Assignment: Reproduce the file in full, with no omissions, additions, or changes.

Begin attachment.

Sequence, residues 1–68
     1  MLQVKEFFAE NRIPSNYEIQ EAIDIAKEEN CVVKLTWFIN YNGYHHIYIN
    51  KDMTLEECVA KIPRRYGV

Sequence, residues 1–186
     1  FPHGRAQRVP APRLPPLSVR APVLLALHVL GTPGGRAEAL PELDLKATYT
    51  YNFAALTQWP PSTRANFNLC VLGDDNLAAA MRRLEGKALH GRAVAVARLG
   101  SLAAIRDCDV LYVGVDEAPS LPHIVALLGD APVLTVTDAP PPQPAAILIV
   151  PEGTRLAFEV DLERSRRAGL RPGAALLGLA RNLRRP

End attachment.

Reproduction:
Sequence, residues 1–68
     1  MLQVKEFFAE NRIPSNYEIQ EAIDIAKEEN CVVKLTWFIN YNGYHHIYIN
    51  KDMTLEECVA KIPRRYGV

Sequence, residues 1–186
     1  FPHGRAQRVP APRLPPLSVR APVLLALHVL GTPGGRAEAL PELDLKATYT
    51  YNFAALTQWP PSTRANFNLC VLGDDNLAAA MRRLEGKALH GRAVAVARLG
   101  SLAAIRDCDV LYVGVDEAPS LPHIVALLGD APVLTVTDAP PPQPAAILIV
   151  PEGTRLAFEV DLERSRRAGL RPGAALLGLA RNLRRP